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May 27, 2007

Karachi’s own Marwari community:

May 27, 2007


In the narrow lanes of Ranchore Lines, resides a small close-knit community called the Marwaris. These are just a handful of people living in harmony abiding by the rules of their Jamaat in an organised community manner. For this community, Ranchore Lines is the focal point of their activity as this is where elders first settled in this part of the world.

But while their dwellings are modest, the community is responsible for some of the grandest buildings that the city can boast of. Many old buildings and monuments of Karachi are evidence of hard work of Marwari craftsmen and builders. These include the KMC building, Empress Market, KPT building, Hindu Gymkhana and Sindh high court. Most of the Marwaris are now found to be contractors and builders.

Originally, Marwaris are a group of people from the Marwar region of Rajasthan in India. After partition some Muslim members moved to Sindh and southern Punjab in Pakistan. Today there are about half a million Marwaris living in the country. While the elders speak the Marwari language, the younger generation to a large extent does not.

The word Marwar is considered to be derived from the Sanskrit word Maruwat, the meaning of maru being ‘desert’. Others believe that word Marwar is made up of Mar from the alternate name of Jaisalmer and the last part war of Mewar.

The community in Karachi says that their roots can be traced back to Jaisalmer in Rajasthan. Here community members were engaged in brick work for buildings and monuments. Also, Jaisalmer was of great importance, as it happened to be the centre of trade between Karachi and Bombay. The main source of revenue for the Raja of the area was the toll tax that the traders paid while commuting from Karachi.

After the Bombay port was developed, overland trade suffered a blow depriving the Raja of his income for which the ultimate sufferers were the people. Left with no option, these people migrated elsewhere. The

great “Meers” of those times ruled in the Sindh area and the group of Marwaris who migrated here was given the responsibility of making mausoleums and tombs. After 1848, when the British entered Sindh, a handful of the latter slowly started moving to Karachi.

In the beginning, only men migrated to Karachi. Ranchore Lines was the first place of settlement. Even today, the largest community resides here. The houses are basic and the lanes are narrow. In such conditions one would imagine life to be very tough but a visit to the area and meeting the people gives a different impression altogether. With the exception of just a few, most Marwaris prefer settling in Ranchore Lines where the community harmony still exists. Even the few exceptions who live elsewhere make it a point to come to Ranchore Lines every weekend.

Marwaris in Karachi believe that their ancestors were initially Hindus when they migrated to Sindh. Interestingly, they hold this belief that the present Pir of Pagara’s grandfather converted their ancestors to Islam.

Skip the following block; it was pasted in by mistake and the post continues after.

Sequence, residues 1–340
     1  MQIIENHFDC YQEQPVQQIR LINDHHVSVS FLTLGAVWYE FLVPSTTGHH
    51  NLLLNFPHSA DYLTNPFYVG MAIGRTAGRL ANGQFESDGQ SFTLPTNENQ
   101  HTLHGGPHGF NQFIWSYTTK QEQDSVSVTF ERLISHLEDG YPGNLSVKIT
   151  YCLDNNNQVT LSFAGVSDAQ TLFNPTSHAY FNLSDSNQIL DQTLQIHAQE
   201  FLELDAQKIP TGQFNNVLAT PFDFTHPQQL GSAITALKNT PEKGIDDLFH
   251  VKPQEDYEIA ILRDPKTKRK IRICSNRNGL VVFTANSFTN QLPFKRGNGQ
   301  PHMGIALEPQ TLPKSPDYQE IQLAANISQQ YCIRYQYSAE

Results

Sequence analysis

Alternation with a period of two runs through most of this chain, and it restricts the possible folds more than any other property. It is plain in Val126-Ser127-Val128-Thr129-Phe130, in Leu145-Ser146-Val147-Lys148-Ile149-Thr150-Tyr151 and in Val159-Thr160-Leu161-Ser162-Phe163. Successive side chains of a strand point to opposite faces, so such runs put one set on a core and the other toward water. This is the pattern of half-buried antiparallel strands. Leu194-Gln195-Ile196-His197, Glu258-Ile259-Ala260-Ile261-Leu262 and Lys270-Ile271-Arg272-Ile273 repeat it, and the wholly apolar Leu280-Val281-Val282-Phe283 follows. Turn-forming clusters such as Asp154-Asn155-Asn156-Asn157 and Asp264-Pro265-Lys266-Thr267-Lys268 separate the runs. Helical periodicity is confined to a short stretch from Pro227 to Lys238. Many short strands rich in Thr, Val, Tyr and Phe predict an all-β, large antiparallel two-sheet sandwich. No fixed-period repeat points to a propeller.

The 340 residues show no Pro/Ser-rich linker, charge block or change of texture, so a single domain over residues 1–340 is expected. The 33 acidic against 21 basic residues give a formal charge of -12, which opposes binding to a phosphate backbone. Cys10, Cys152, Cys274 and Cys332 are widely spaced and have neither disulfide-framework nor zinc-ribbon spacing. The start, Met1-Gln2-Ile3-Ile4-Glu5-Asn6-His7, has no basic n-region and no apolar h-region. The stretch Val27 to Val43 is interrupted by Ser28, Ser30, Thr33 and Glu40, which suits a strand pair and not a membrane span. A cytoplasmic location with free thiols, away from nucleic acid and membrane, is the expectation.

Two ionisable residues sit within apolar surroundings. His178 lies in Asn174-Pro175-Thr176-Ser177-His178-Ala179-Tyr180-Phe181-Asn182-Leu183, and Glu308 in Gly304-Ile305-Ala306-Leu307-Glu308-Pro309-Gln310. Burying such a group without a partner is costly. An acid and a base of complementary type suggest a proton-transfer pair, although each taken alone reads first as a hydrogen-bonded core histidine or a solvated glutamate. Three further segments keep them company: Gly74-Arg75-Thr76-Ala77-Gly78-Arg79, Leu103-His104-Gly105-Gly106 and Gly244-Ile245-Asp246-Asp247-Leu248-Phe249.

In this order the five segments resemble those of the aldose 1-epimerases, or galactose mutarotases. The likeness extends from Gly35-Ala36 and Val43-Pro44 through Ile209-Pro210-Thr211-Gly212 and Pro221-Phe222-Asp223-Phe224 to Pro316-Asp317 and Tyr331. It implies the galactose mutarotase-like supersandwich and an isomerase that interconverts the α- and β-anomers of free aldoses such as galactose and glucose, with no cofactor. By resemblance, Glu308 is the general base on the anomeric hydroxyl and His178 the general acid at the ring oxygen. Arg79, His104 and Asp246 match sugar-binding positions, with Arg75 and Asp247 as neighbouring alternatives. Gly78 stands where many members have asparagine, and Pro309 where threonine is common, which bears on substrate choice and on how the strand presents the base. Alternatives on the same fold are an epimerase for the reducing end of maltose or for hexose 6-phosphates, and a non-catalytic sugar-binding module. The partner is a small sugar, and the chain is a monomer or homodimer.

While the whole community living in Ranchore Lines is Muslim, by and large Marwaris are predominantly Hindu and Jain in the subcontinent. Regardless of their affiliation, Hindu and Jain Marwaris mingle with each other socially. In some cases they share matrimonial relations and traditional rituals together. But the Muslims, who are found in both India and Pakistan, try to maintain a separate identity.

To ensure working of the community in harmony, the Marwari Jamaat plays a very important role. Muslim Marwari Salawata Jamaat in Ranchore Lines ensures coordination amongst the members and plays the role of an arbitrator to settle disputes many times.

They strongly believe in the “Baradri” system. Due to this, marriages mostly take place within the community. However, marriages in the community have an interesting rule which dictates that if a man marries a girl outside the community, he will be “pardoned” for his act. But if a girl dares to do so, she will be barred from the Jamaat membership. The president of the Jamaat, Lala Mohammad Hussain Baloch, justifies this by saying that it is to ensure that traditions and customs of the baradri system prevail.

The festivities of marriage are almost the same amongst all Marwaris. They start from the time of engagement and continue till the wedding time. Nikah ceremonies are mostly held on Friday with Rukhsati on Saturday. “There are no hard and fast rules for dowry. If the parents can afford it, they can provide it at the time of marriage. If not, they even give the dowry after a few months. But there are no demands from the boy’s family” Baloch added.

Talking about food, Marwaris have a lot of goodies. But the traditional food that they usually have at dinnertime is “khichri and daal”. This is usually followed by “rabri”. Inclination towards education is more amongst girls in the community who more often than not, outshine the boys. Most of them take up teaching as their profession. Around 1,000 teachers of the Salawata Marwari Jamaat are teaching all over the city. On the contrary, if boys pass their matriculate, it is considered to be a big achievement.

The Salawata Jamaat also plays the role of settling and resolving issues of family and property. “It has made the community hospital, schools and also has a Zakat and Fitra fund,” Baloch disclosed.